CRATER OF DIAMONDS STATE PARK
Arkansas, The Natural State, is blessed with an abundance of geological wonders. Crater of Diamonds State Park, the only diamond-producing site in the world open to the public, stands out as a unique geological "gem" for you to explore and enjoy.
Here, you are invited to prospect in the park's diamond search area, a 37 1/2-acre plowed field that is the eroded surface of an ancient volcanic pipe that 95 million years ago, brought to the surface the diamonds and some of the semi-precious stones lucky visitors find here today.
Diamonds of all colors of the rainbow can be found here at Crater of Diamonds, but the three most common colors unearthed by park visitors are white, brown and yellow. Crater of Diamonds State Park is a rockhound's delight since, along with diamonds, more than 40 types of rocks and minerals can found here, too. These rocks and minerals include lamproite, amethyst, banded agate, jasper, peridot, garnet, quartz, calcite, barite, and hematite.
One of the newest park offerings is a wildlife observation blind. A gravel walkway leads visitors through a secluded woodland setting to this blind, offering a perfect vantage point to view and photograph deer, turkey, squirrels, a variety of birds and other wildlife in their natural setting. The parking lot just inside the park entrance is adjacent to the observation blind's walkway.
In 1906, John Huddleston, the local farmer who owned this property then, found the first diamonds near Murfreesboro, Arkansas, and started the diamond mining rush. According to the history of Crater of Diamonds State Park, after a series of ill-fated diamond mining ventures, followed by tourist attractions, the diamond mine site became an Arkansas state park in 1972.
Within the park boundary, many remnants of old mining ventures remain, including the Mine Shaft Building, the Guard House, mining plant foundations, old mining equipment and smaller artifacts. Nowhere else is North American diamond mining history as evident or as well preserved as here.
Along with the diamond search area, the park has hundreds of acres of natural forest featuring a diversity of flora and fauna and offering visitors interesting things to do. Arkansas's natural and cultural diversity -- the geology, history, plants and animals -- makes Crater of Diamonds State Park a unique Arkansas attraction unlike any other in the world. You are invited to visit this one-of-a-kind attraction and experience the thrill of digging for diamonds in the rough. Our park staff will identify your finds for you. And unlike other diamond mines, our park has a policy of "finders keepers." Any diamonds, semi-precious stones, rocks or minerals you unearth are yours to keep, regardless of their value.
Beginning July 2009 the park visitor center is closed for renovation. While this building is closed, park visitors will access the diamond search area through the Diamond Discovery Center. The Center is open daily throughout the year except for Christmas Day, Thanksgiving Day and New Year's Day:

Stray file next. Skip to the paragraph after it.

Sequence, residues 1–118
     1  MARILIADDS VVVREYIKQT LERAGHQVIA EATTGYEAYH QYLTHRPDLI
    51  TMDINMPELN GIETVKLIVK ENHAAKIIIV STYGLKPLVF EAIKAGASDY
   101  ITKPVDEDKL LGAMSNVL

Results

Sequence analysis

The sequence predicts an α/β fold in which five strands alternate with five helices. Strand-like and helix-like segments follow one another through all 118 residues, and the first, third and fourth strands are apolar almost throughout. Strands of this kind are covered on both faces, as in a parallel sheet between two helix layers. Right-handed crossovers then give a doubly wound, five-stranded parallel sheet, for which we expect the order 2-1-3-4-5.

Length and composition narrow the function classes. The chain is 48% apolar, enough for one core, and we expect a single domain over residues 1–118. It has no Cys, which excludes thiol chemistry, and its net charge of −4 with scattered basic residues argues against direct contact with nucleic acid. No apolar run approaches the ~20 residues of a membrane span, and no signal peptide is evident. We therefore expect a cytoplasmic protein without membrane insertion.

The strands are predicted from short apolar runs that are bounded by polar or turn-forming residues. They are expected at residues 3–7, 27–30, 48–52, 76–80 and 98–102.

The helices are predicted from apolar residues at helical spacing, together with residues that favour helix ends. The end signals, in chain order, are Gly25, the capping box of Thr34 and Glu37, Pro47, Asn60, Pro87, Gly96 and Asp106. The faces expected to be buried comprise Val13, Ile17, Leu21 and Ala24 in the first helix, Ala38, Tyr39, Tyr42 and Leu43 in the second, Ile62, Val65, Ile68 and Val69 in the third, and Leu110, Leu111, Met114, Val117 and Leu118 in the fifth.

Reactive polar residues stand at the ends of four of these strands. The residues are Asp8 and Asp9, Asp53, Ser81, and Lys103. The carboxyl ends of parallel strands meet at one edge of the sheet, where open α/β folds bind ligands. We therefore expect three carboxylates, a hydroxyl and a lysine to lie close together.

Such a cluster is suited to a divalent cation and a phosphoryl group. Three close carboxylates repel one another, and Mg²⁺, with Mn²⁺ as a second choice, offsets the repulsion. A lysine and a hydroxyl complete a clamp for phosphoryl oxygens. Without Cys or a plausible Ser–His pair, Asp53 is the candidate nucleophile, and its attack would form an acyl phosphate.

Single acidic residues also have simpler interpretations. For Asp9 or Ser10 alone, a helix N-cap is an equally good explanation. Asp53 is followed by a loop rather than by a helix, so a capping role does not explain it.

Memorial Day through Labor Day: 8 a.m. - 8 p.m. (The last two weeks of August Mon. a?? Thur. 8 a.m. to 5 p.m./ Fri. Sat. & Sun. 8 a.m. to 8 p.m. /Labor Day 8 a.m. to 5 p.m.)Labor Day through Memorial Day: 8 a.m. - 5 p.m.
Pets are allowed at all facilities with the exception of the Diamond Springs Water Park and Kimberlite Cafe', as long as they remain on a leash under the owner's control at all times.
The Crater of Diamonds gift shop is temporarily located in the upper level of the Diamond Discovery Center while the visitor center is under renovation. The gift shop offers a wide selection of items for sale including souvenir caps, t-shirts, mugs, pins, patches, and spoons. You'll also find an assortment of gem and mineral field guides, diamond-hunting tools, cut and polished rocks and minerals, and novelty items. Drinks and snacks are available in the gift shop. Bagged ice is available for purchase at the pavilion.
Beginning July 26, the park campground featuring 59 campsites will close to undergo renovation. This closure will be in effect for several months while the entire campground is improved. The campground at Daisy State Park is an alternate choice. This nearby state park is 1/4 mile south of Daisy off U.S. 70. The drive time is only about 25 minutes from the Crater of Diamonds to Daisy State Park.
Camping reservations are accepted 12 months in advance of your intended stay. Reservations require a two-night minimum stay on Friday and Saturday nights, and a three-night minimum stay when a holiday causes a three-day weekend. All reservations require payment of a non-refundable reservation fee of one night's camping fee at the time the reservation is made. Payment by credit card is required. Reservations are accepted by phone or in person from 8:00 a.m. to 5:00 p.m.
Open seven days a week 8 a.m. until 4 p.m. from Memorial Day weekend through Labor Day weekend, and only on weekends during the last two weeks of the season. The restaurant offers a breakfast and lunch menu including sandwiches and hamburgers, along with hand-scooped ice cream. Drinks and snacks are available in vending machines and at the gift shop.
Bank fishing for largemouth bass, catfish and bream on the Little Missouri River is available. Best fishing times are late summer, as the water is unusually cool because it comes out from under Lake Greeson Dam. Access to the river is also available at Terrell Access. This is a public boat‐launching ramp across from the park. Directions are available at the visitor center. Trout fishing can be outstanding on the Little Missouri River below Lake Greeson Dam. The Arkansas Game and Fish Commission regularly stocks the river with trout from November through March, although you may fish for trout year-around. A fishing license is required. Licenses and trout stamps are available in Murfreesboro.